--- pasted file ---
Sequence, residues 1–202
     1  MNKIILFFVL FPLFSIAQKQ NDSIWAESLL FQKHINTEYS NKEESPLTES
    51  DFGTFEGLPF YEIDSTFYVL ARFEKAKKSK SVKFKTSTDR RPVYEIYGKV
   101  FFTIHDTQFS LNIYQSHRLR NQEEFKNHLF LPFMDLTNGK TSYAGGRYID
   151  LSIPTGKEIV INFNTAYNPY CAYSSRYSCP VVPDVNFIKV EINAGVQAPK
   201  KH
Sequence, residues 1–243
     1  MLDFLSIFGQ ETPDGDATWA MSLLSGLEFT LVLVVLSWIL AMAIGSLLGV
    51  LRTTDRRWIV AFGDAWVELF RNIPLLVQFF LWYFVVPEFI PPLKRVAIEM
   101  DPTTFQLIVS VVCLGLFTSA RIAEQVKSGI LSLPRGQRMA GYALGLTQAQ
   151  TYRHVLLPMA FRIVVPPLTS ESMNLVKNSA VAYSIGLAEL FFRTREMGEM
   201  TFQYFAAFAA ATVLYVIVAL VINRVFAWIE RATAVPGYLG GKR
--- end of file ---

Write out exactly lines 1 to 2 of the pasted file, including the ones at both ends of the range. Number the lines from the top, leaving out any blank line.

Sequence, residues 1–202
     1  MNKIILFFVL FPLFSIAQKQ NDSIWAESLL FQKHINTEYS NKEESPLTES